AC In The AM: Washburn Setting Great Example


You want tough? You want resilient? Consider what the past month has been like for offensive line coach Jeremiah Washburn.

Washburn was riding his bicycle in east Fort Lauderdale on July 3. We'll let him tell you the rest of the painful story.

"I was just running an errand and you know you can't just run an errand across Federal Highway on a bike," he said. "I was on the sidewalk and going through a crosswalk and a truck was turning right. He accelerated into me and then ran over my left leg. It should have been much worse. It was a blessing."

It was a blessing only because he didn't lose his entire leg, because when you think of a truck accelerating over your leg, the image you can easily come up with is gruesome to say the least. Washburn admits today that he saw that image in his mind, that for a few agonizing seconds he was convinced he had lost that leg.

As it was, he tore his MCL and PCL ligaments and suffered several lacerations. The surgery lasted until 2 in the morning. Adam Gase was on the phone consoling Washburn's wife Susan during the procedure. Says plenty about Adam Gase, don't you think?

"It was an accident," Washburn said. "The (truck driver) owned up to it and he was great."

Not only is Washburn tough and resilient, he's forgiving too.

"We all have to deal with something, it's our jobs," he said.


Speaking of his job, Washburn never missed a day of work. You can now see him on the practice field each morning, somehow getting around on crutches and a large cast on his left leg, giving instructions to 300-pound plus men, many of whom look at their coach and have trouble believing he's moving around at all. In last Sunday's practice, Washburn tossed those crutches aside, pushing himself to walk. He was soon back wearing the crutches.

"I'm not tough," he says. "Those (linemen) go through way more than I do."

Might have to disagree with you on that one, coach. In fact, if this offensive line – his offensive line – can play with the grit and guts that Washburn exhibits on the practice field every day, this is going to be an awfully good unit.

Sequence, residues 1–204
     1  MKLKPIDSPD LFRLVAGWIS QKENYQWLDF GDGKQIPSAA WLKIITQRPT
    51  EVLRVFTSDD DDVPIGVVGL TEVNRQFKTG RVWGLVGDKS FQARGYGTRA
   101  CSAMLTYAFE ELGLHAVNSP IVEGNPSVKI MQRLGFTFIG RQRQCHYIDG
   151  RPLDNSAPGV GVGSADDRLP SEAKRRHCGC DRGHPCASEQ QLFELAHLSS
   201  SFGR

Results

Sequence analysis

No doubt this is an important summer for this offensive line. The starters were identified during the offseason and they have been lined up together ever since. It is up to Washburn to make sure everything fits just right, that they each gain a feel and a trust for one another. There have been some challenging days in training camp recently against a very talented Dolphins defensive line. But this line is growing together and there are signs of that in every practice.


"We're not near where we need to be," Washburn says. "But I do like this group. We're going to have to continue to work at it. It's nice having the same five start every day and hopefully we'll see the benefits of it."

This is Washburn's first season as the Dolphins' offensive line coach. He was an assistant offensive line coach here two years ago and went to the Bears last season as their offensive line coach before returning to the Dolphins this past offseason. His mission is clear: Push these players to reach their potential. Help create a level of consistency that has been lacking. Build quality depth around the starting five.

It's a challenging assignment for Washburn, but he's approaching this with the same unwavering commitment and positive inner belief that is helping him endure this long rehabilitation.

Washburn isn't sure how long he'll be on the crutches or when he will regain full mobility of his leg. He used a golf cart early on in camp, but doesn't want to draw attention to himself. I've got a feeling the pain is greater than he's letting on. What better example can there be for his players, after all, than a coach who can coach hurt?

7-29 I Said It4

Washburn, meanwhile, refuses to entertain self-pity. In fact, it's the exact opposite. He shrugs all of this off as merely a speed bump in life.

"I'm a man of faith that was raised by a man of faith that went through a lot: my dad. He always took things in stride and when you witness those things growing up, that's how you're just conditioned to be.

"You don't say: 'Why me?' It's 'Why not me?'"

See, in Washburn's mind, it could have been someone far less fortunate getting run over by that truck, someone who didn't have a first rate training staff at his disposal, as he does, or a facility with a top-tier rehabilitation set up, as he does. It could have been someone who had none of that.

"I'm fortunate to have the best training staff in the league," he says.

"But," he adds with admiration, "they are savages."

Tough guy that Jeremiah Washburn. His players are finding out this summer exactly how tough.

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